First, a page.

Out of idle curiosity, when I was writing something else, I started wondering what happened to the burning bush after Moses "left the scene" -- I wondered if it just kept on burning or something. Half convinced that my memory was just terrible, I reread the beginning of Exodus from the Mechon Mamre site and realized that I actually couldn't find anything:

And the angel of the LORD appeared unto him in a flame of fire out of the midst of a bush; and he looked, and, behold, the bush burned with fire, and the bush was not consumed. And Moses said: 'I will turn aside now, and see this great sight, why the bush is not burnt.' And when the LORD saw that he turned aside to see, God called unto him out of the midst of the bush, and said: 'Moses, Moses.' And he said: 'Here am I.' (3:2-4)

This would suggest to me that the bush was still burning when Moses began talking to God, and the episode ends merely with Moses returning to Jethro (4:18). Between this, we do read that Moses is talking to God, but this I interpreted to just mean that he was talking to God through the bush.

Given this, what actually ended up happening to the bush? Am I just missing something, or is there really no explanation in this specific portion of the text? If so, are there any standard explanations from other souces?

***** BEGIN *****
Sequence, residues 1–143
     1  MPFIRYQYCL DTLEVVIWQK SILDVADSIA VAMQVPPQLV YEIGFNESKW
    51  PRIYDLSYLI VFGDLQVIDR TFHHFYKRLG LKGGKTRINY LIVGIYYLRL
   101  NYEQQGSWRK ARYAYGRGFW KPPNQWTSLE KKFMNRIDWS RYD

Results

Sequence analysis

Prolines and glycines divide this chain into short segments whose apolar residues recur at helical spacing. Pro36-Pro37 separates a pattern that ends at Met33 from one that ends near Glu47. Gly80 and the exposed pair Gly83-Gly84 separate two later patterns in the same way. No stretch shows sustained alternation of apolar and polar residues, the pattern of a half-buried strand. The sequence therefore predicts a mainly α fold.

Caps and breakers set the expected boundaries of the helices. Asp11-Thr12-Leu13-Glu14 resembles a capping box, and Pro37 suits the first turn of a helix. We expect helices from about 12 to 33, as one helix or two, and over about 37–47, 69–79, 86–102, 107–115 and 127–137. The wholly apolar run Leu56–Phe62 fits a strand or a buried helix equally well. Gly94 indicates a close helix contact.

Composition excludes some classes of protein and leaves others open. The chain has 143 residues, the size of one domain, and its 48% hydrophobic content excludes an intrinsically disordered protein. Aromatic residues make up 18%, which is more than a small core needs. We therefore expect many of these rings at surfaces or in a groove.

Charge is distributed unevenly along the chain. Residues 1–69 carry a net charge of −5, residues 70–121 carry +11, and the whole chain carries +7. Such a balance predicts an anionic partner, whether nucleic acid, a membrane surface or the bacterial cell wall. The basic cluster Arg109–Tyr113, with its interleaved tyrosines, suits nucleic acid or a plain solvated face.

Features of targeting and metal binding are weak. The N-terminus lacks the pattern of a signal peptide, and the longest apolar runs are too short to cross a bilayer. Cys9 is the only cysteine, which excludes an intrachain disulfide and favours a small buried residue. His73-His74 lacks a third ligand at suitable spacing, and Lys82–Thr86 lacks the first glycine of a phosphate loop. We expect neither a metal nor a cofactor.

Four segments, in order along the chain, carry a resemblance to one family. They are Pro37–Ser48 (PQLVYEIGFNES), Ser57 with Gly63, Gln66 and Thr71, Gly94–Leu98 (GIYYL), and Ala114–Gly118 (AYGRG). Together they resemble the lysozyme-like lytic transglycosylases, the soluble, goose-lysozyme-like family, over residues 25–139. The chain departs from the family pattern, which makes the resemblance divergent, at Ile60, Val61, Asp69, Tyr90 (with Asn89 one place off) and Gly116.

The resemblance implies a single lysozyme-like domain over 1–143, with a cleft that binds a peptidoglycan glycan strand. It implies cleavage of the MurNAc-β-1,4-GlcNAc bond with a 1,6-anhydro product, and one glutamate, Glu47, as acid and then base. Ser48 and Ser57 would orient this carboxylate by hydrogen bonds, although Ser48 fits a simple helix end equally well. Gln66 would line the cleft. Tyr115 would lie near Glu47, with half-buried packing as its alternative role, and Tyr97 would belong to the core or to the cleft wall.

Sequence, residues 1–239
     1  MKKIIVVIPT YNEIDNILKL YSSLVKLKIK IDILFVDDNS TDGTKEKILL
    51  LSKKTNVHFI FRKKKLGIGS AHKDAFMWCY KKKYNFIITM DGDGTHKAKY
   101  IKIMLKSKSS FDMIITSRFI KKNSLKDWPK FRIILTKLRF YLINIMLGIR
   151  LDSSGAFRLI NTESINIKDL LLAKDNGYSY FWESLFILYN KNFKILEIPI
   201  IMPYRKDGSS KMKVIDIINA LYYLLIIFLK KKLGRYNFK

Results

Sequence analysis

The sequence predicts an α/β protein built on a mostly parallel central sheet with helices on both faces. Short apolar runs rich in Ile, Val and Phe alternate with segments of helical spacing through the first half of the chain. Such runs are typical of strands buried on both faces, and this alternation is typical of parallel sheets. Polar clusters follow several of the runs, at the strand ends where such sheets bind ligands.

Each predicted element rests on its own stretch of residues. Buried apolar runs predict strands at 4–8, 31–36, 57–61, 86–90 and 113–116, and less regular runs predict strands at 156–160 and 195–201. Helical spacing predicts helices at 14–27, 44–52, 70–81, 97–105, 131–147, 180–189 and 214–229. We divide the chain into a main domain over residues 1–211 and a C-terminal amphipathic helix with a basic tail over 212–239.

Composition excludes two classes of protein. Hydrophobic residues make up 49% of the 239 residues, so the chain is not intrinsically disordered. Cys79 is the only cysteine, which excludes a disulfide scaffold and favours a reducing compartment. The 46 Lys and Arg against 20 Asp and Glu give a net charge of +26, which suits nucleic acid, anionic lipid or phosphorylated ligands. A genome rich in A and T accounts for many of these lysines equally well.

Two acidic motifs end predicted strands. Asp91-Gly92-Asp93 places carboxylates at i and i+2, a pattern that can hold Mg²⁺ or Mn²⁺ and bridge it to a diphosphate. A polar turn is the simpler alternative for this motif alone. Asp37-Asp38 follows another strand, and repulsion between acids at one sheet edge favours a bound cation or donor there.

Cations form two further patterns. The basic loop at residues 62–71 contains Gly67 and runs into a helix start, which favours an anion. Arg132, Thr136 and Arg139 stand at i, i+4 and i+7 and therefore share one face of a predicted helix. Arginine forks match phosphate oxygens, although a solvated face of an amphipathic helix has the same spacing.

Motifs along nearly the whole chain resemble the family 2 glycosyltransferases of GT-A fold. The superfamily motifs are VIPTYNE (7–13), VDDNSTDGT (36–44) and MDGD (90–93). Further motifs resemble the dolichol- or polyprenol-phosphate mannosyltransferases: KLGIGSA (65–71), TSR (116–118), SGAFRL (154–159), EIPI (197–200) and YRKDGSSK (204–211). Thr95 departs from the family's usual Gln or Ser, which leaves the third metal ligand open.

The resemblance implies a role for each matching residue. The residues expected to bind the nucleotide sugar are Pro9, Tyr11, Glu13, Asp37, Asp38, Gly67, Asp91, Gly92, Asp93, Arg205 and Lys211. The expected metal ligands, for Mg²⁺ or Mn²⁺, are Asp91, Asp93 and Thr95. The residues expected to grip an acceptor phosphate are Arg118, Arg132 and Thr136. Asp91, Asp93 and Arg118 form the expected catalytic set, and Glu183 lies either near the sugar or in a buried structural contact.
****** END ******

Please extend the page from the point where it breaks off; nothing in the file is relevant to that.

• 1
    i would say that at some point it would have had to extinguish because Eliyahu haNavi goes to Har Sinai and doesn't run into a burning bush
    – Aaron
    Aug 31, 2015 at 18:06
  • Just a guess....Since an angle has a sole mission to achieve, perhaps after the angle succeeded drawing Moses' attention to the burning bush, the bush stopped burning?
    – JJLL
    Aug 31, 2015 at 18:06
  • 1
    @aaron and if the bush continued to burn, it would be, in my view, a potential place for pagan worship.
    – JJLL
    Aug 31, 2015 at 18:09

1 Answer 1


I'm citing two contrasting answers:

1 - Sforno on Exodus 3:2:1 (using Sefaria.com's translation):

וירא מלאך ה' אליו במראה הנבואה, כי אמנם כאשר יגלו המלאכים בדמות אנשים בלתי נבואה, כענין לאברהם וללוט ולבלעם ולזולתם, לא יאמר עליהם וַיֵרָא, אבל יאמר עליהם וַיַרְא, כמו וירא והנה שלשה אנשים, וירא לוט, וירא את מלאך ה' נצב בדרך: